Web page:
Nolasco May Not Be Done

Paul RaymondCorrespondent IAugust 23, 2010

Florida Marlins pitcher Ricky Nolasco became the latest MLB player to suffer a freak injury, he tore meniscus in his right knee while bending over to tie his shoes. Ya, pretty crazy huh. A torn meniscus is typically an injury that would normally sideline an athlete for at least a few weeks, but not Nolasco. Ricky wants to make his next start and if the doctors give him the O.K. then he’ll be on the mound.

Marlins manager Edwin Rodriguez is also warming up to the idea of Nolasco pitching. Adam Beasley of the Miami Herald reports that the Marlins are going to work out Nolasco today and Wednesday, if all goes well he could start. Monday’s work out would consist of playing catch, while Wednesday would be a bullpen session.

“He wants to pitch, and he says he’s feeling much better the last two days,” Rodriguez said. “At this point of the season, pretty much everybody’s hurt. Nobody’s 100 percent. If he says he’s 90, 95 percent, I think it’s good enough.” (per Beasley & the Miami Herald)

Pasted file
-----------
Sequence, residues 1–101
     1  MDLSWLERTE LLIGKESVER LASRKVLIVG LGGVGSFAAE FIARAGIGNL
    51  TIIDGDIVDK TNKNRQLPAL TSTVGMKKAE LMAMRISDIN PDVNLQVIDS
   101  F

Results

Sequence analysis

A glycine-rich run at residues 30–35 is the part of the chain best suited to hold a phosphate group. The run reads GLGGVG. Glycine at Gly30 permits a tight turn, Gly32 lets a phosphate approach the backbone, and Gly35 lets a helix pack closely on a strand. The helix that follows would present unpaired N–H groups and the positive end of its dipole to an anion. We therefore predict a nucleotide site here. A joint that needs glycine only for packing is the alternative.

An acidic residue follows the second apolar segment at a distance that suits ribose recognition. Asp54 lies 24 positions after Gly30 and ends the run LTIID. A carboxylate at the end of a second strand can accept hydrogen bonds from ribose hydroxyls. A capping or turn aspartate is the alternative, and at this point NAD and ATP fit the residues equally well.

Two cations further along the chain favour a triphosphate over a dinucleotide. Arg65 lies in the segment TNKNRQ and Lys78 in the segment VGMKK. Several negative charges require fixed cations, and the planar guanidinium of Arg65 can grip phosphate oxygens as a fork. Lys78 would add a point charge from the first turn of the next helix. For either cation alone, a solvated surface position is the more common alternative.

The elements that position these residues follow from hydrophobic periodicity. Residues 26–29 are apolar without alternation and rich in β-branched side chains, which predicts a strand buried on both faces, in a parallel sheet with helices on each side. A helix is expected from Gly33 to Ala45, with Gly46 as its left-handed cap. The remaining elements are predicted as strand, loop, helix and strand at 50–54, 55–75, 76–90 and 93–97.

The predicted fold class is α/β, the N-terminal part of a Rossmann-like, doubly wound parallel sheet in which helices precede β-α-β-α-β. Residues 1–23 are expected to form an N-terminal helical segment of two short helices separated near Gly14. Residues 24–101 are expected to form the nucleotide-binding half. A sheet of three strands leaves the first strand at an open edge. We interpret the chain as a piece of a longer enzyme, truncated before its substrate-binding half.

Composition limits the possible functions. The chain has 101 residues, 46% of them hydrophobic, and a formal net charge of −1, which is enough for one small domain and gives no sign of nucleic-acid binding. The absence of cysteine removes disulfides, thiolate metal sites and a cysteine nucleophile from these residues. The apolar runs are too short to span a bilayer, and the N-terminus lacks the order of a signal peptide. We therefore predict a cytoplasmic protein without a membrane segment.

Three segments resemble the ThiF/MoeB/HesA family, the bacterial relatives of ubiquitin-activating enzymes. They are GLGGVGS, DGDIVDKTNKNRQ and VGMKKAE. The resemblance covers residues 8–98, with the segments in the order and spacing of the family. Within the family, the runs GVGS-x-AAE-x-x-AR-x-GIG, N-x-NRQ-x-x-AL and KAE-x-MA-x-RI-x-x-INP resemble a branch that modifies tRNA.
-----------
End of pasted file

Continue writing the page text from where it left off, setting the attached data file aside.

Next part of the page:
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There’s no doubt that Rodriguez and Nolasco himself want him to be on the mound. He’s been outstanding since the All-Star break going 5-2 with an ERA of 3.40 (a number that would be much lower when you remove the seven runs given up to the Cardinals). Since that start against St. Louis, Ricky’s actually buckled down giving up ZERO runs in his last two starts.

As a pitcher it looks like he is finally coming to his own, he looks like he’s got it all figured out, so who wouldn’t want to keep building on that success?? I know I would. The question to me thou is how much pain can he deal with?

Yes, the knee might be feeling a lot better but that still doesn’t mean much. I’ve thankfully never experienced a torn meniscus but people that have, have said that its some of the worst pain they’ve ever dealt with.

As a right handed pitcher will his leg be able to handle all of that pressure put on it, every pitch?
Will he start to compensate in his delivery, throwing his mechanics out of whack and stressing other parts of his body?

“Obviously, it’s the toughest thing I’ve ever dealt with on the baseball field,” said Nolasco. “Nobody understands what it’s like until they actually deal with it. There’s not much I can do now.”

If he thinks he can pitch, I’d say go ahead and show us what you got but realistically I think its best for him to just shut it all down. Why risk what’s looking like a bright future when your team is an extreme long shot to make the playoffs?

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